Too many cheap crap-hounds (*cough*couch*abrams*cough*) try to extend a story as long as they are able to squeeze money out of it and are eventually revealed to have no idea what they were doing or where they were going with it. Straczynski told a really great story that ended i a really great way. Live and art have to move on.

Comment: Oh Really?? (Score 1) 191

by TechnoGrl (#46437775) Attached to: The Tangled Tale of Mt. Gox's Missing Millions
>. All the transactions of all the people are public and is verified by multiple entities

Oh really? So you know *all* the principle entities of Mt. Gox? You know just where they were storing/investing that HALF A BILLION DOLLARS ? You know the names of the independent accounting agency that oversaw that HALF A BILLION DOLLARS ?

You know none of that and very little else.

Why who ever would have thought that when you give have a f!@kig BILLION dollars to a more than less anonymous source(s) by anonymous means and with no oversight - why who every would have thought that maybe - just maybe - someone would be tempted to just walk the hell away with Half a BILLION??

You know who didn't think that way? Some chump wanna-be geeks with too much disposable income and too little common sense.

Comment: Re:I have no more sympathy for anyone (Score 1) 191

by TechnoGrl (#46437731) Attached to: The Tangled Tale of Mt. Gox's Missing Millions
>What gives you the right to say 'Bitcoin was designed as a vehicle to steal' ?

I'm guessing that it has something to do with the fact that you are giving your hard-earned money to an unknown source to be looked over by unknown people by unknown means???

Hey but that's just me - please feel free to send me any extra money that you have and I'll be sure to protect it for you and even give you a return on your investment when the price goes up! Hey - whata deal

Comment: Re:Universe and perfect simualtion are equivalent (Score 1) 745

by TechnoGrl (#46262013) Attached to: Mathematician: Is Our Universe a Simulation?
>If the simulation is completely perfect, then it also must have a near infinite amount of memory as well, or else little inconsistencies would be manifest and detected.

Not really. In our universe the smallest known particle (that we now know of) is (I think) a quark. Let's say that the programmers live in a universe which is more "information dense" and thus has a pleathora of smaller particles than quarks (really I think this must be pretty much a requirement for a parent universe - one in which the programmers live). So now the programmers have several orders of magnitude (or perhaps many more) of possible storage which they can use to simulate every particle we can perceive or be affected by. Let's say that the simulation was designed to run for a million years and that we are the center of the simulation (certainty there must be a finite timeframe) then the parent universe "computing machine" only (heh) has to simulate quarks, photons, neutrinos - whatever in a million year volume of "our space". Thus the amount of memory needed in the parent universe is indeed finite and, if the parent universe were indeed more "information rich" than our own such a simulation certainkly would be in the relm of possibility for the beings living within it.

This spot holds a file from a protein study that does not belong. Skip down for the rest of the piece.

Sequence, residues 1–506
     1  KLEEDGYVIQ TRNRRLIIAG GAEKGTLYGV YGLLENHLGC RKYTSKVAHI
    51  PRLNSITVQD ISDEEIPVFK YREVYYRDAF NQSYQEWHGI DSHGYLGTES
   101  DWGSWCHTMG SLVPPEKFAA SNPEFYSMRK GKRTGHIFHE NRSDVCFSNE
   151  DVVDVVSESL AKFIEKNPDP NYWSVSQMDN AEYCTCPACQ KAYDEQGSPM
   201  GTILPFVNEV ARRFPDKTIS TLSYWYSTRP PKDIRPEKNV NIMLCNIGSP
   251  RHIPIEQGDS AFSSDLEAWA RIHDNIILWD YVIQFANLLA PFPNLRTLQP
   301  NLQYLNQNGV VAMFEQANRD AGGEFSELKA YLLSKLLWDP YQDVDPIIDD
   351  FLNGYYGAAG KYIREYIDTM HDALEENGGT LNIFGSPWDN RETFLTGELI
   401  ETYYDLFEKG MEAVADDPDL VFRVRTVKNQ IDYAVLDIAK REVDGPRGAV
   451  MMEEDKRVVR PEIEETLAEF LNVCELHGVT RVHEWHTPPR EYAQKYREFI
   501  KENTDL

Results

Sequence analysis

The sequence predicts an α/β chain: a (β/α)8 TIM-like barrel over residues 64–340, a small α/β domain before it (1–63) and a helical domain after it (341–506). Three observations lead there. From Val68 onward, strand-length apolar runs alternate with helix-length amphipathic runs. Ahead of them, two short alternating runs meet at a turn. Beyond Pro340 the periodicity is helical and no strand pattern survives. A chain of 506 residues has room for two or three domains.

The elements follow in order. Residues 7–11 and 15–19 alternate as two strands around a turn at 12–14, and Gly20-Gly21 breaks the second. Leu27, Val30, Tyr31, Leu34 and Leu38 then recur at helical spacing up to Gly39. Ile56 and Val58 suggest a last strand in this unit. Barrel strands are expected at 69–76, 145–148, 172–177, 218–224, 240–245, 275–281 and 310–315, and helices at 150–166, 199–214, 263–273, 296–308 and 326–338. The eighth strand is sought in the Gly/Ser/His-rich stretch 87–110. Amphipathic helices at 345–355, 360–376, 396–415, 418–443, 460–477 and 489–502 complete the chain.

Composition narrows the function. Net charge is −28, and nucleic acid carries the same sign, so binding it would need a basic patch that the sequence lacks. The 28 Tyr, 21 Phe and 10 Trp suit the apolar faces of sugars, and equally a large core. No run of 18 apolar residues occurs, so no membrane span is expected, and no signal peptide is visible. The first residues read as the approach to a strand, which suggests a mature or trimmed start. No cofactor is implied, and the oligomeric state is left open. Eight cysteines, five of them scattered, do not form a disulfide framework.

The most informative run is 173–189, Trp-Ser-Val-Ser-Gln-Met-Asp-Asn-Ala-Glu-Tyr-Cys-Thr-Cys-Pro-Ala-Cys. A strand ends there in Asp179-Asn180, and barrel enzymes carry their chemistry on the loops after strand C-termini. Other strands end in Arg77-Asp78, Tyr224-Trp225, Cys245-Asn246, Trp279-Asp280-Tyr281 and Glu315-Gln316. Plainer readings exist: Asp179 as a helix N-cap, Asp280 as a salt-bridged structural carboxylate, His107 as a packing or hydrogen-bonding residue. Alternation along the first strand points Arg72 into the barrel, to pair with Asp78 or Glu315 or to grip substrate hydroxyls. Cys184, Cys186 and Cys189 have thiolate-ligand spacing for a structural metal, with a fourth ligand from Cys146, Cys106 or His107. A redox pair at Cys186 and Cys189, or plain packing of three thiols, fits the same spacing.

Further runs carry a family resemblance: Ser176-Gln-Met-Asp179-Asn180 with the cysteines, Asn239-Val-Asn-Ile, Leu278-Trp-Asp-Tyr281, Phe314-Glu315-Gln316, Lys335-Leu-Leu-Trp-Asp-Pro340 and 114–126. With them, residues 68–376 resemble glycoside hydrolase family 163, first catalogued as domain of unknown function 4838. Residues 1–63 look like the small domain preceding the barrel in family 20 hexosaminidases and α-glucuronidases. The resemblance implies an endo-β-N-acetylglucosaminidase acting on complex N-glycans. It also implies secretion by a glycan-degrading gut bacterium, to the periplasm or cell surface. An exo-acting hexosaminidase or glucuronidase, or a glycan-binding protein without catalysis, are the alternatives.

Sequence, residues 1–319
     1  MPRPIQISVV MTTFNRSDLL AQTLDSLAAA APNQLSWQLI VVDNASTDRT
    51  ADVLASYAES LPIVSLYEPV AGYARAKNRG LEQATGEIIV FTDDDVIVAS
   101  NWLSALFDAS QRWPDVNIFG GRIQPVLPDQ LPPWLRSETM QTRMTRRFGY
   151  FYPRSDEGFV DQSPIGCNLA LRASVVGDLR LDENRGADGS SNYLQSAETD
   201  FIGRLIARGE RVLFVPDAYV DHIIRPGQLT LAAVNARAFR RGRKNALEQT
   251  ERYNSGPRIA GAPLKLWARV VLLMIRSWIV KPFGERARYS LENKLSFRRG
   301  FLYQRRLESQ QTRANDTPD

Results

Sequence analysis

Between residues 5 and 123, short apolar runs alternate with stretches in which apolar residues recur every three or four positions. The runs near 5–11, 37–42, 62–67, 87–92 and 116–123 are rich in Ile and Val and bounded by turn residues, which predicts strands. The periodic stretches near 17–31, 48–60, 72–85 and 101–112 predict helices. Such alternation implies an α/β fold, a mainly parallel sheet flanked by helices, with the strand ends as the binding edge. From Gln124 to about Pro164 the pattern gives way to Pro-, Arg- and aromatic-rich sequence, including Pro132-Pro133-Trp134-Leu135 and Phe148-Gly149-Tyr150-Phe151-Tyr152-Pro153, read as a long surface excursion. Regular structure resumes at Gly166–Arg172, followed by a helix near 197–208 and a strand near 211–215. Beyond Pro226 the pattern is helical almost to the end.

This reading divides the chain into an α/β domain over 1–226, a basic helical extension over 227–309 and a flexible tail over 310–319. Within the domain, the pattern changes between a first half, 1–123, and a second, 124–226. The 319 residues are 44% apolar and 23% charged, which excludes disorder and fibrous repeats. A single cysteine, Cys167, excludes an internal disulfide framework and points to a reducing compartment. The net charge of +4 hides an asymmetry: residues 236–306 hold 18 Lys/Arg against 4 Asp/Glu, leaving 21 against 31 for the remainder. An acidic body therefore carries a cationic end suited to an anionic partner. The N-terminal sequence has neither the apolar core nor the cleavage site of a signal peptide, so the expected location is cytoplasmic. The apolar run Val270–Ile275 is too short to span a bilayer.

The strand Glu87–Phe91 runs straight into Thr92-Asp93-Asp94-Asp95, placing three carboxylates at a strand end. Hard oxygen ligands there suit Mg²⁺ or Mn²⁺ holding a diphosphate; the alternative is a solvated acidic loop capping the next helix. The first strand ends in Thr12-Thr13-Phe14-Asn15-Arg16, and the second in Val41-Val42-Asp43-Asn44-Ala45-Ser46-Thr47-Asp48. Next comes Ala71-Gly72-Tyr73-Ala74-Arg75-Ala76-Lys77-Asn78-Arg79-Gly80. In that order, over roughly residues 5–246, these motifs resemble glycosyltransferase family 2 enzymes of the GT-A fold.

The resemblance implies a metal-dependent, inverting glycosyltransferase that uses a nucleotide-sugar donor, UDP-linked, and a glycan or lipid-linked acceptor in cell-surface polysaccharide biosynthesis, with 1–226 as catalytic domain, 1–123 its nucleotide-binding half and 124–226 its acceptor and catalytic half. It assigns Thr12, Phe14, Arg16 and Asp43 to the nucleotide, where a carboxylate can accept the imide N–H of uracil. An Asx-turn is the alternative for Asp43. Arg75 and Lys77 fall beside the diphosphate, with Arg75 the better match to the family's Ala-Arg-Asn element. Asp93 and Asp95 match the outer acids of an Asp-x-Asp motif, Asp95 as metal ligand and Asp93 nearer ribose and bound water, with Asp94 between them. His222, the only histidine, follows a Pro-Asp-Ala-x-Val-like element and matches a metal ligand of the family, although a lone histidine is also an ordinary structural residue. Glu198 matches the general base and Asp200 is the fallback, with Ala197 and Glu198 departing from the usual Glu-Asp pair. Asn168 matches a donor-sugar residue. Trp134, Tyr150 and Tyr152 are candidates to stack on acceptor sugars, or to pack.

Comment: Re:Simulation or not (Score 2) 745

by TechnoGrl (#46261941) Attached to: Mathematician: Is Our Universe a Simulation?
>If we are living in a simulation there's really not a lot we can assume about what's going on outside.

I beg to differ. We can probably infer a lot. For instance:

- Considering the amount of injustice, starvation, and people killed in wars we can assume that the programmers are indifferent to us , much as we would be indifferent to the millions of bacteria colonies killed off when we test a new antibiotic.

- We can infer that time runs much slower for the programmers (or perhaps that they are almost unimaginably long lived and patient) because why run a simulation that only runs in real-time?

- We can infer that (unless the simulation started very recently and is going to end in a relatively short time that the universe that the programmers live in is far more information dense than our own. The number of particle interactions which need to be simulated is limited by the light cone in the time frame from which the simulation (i.e. our earth) starts to the time that it ends. Unless this period is relatively short ( a thousand years, a million years??? ) then the number of particles which need to be simulated is enormously large. If that were the case then the "programmers" must live in an entirely different kind of universe with more dimensions than 3 (or 11 of you go string theory - whatever) otherwise there would be no room in the parent universe to keep the simulation machine. So either our "simulation" is going to be short lived or the programmers are unimaginably different from us.

I bet there are a lot of other things one could reasonably infer as well.

Get hold of portable property. -- Charles Dickens, "Great Expectations"